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In a way, though, Tekken 7's stalwart fighting mechanics actually work against it. I find myself wanting to keep playing over and over, and every second I wait in a menu--the loading menus are actually pretty long, likely due to all the texture loading--feels like wasted time. I often smash through the limited two-round matches of Treasure Battle, which is the main mode I play since there's hardly any actual content modes.

 

Sadly, players aren't given control over key customization options and doesn't allow players to raise round counts in certain modes.

 

In other Tekken games, you can adjust how many rounds you want to play in certain modes. But in Tekken 7, you can only adjust round count in Vs Battle or Arcade Mode. So if you want to play more rounds, you're limited to those two modes.

 

This is a problem, and a frustrating one at that.

 

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Furthermore, Tekken 7 doesn't let you play with the new battle modes. The game adds in awesome special parameters like Turbo Mode, which dramatically increases the speed of both players, and Double Damage Mode, which, of course, makes every strike deal double damage.

 

Bandai Namco could've done some impressive and unique things with these modes, or even let players make up their own mode and share them only.

 

Sadly, there's nothing of the sort in Tekken 7.

 

Rather than spread out its focus across the board, Bandai Namco pinpointed its focus to specific modes and content.

 

The combat is fantastic, and the online modes are interesting, if not plague with disconnecting issues. It's clear that the devs put effort into the story to flesh it out, but the actual episodic execution feels cheap and unrewarding in nearly every way. Ditto for the lackluster PlayStation VR mode, which feels tacked-on at the last minute.

 

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Apart from the combat and balancing optimizations, the developer has created one of the most advanced tutorial systems that empower players to become Tekken maters.

 

Tekken 7's practice mode is absolutely amazing. Bandai Namco went far above the call of duty here, and provided a massively useful training grounds for new and old players alike.

 

Users have so many different options to completely and totally control how they want to practice. For example, if you're weak against a certain character, you can literally program the practice CPU to perform a particular move--or set of moves--repeatedly.

 

The practice mode gives you the tools to refine your skills for every single character, and is an incredibly useful asset to prepare you for online play.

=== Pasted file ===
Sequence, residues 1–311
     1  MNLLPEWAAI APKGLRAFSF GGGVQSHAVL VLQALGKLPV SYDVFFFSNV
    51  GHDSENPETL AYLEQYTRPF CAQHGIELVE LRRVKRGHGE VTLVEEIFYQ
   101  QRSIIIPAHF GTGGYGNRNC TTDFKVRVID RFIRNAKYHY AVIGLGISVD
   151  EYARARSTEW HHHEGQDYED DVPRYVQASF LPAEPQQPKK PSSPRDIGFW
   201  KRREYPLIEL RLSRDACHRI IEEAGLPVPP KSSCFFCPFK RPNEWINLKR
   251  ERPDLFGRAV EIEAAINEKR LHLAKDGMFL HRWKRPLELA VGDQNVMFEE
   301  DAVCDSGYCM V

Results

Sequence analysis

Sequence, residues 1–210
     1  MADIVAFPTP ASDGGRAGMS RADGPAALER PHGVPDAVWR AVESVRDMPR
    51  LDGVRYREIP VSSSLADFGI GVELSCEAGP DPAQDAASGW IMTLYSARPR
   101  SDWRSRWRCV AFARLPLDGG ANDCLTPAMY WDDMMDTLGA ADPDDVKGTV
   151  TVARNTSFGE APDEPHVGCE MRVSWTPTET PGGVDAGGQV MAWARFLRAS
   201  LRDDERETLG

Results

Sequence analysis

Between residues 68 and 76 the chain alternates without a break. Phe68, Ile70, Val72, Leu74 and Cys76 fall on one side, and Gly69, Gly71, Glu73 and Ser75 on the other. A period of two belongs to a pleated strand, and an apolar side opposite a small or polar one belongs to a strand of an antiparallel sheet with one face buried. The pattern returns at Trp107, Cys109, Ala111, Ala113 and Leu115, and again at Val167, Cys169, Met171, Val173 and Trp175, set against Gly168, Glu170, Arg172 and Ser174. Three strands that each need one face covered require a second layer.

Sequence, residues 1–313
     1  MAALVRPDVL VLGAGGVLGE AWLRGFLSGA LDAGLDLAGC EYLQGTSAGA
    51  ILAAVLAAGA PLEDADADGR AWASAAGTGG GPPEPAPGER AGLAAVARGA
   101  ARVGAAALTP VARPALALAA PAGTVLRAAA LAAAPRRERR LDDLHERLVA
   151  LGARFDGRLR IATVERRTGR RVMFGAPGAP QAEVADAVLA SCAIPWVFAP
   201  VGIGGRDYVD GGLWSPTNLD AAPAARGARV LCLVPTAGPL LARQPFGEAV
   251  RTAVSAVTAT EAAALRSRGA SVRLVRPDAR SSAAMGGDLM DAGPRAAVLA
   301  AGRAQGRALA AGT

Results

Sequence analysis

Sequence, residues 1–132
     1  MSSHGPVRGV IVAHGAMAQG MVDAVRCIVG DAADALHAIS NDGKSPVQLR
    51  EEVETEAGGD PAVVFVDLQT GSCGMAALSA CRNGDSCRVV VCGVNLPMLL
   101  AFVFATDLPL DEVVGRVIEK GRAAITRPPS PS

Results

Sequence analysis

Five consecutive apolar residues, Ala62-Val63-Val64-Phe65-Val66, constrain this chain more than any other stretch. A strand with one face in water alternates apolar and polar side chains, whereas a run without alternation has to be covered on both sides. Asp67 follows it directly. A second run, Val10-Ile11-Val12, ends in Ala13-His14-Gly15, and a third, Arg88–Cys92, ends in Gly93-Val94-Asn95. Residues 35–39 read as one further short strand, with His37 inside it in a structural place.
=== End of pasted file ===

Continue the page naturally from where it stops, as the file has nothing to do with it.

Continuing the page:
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Online Modes: Authentic arcade action across the net

 

The online modes are also very well thought out.

 

Online has three different ways to play:

 

  • Ranked Matches
  • Player Matches
  • Tournaments

 

Playing online against people across the globe is a great idea, but in execution, it's not always fun. A lot of the time I've had major problems connecting to other players. I get error messages like "the connection to the player has been lost" for about a dozen times in a row on both modes.

 

Of course, this could be something on my end, but it's worth noting I've tested this with different NAT settings--Strict, Moderate and Open--to get the same results.

 

The matches I have played online have varied. Of course, you're at the mercy of the other player's connection, so you want to pick green-bar matches. The online matches I've actually been able to play were pretty fun, and I have to say this is a great feature that's exhilarating and enjoyable.

 

Being able to play a fully-fledged arcade game online with a near-endless level of opponents is great, and I personally feel this is the future of fighting games.

 

But again, this is nothing new. Tekken Tag Tournament 2 had online bouts. I was actually able to play more TTT2 online matches than Tekken 7 matches.

 

The Tournament Mode is also interesting and allows you to create your own mini Iron Fist tournaments where players from around the globe can compete. I like this feature a lot and think it's quite interesting.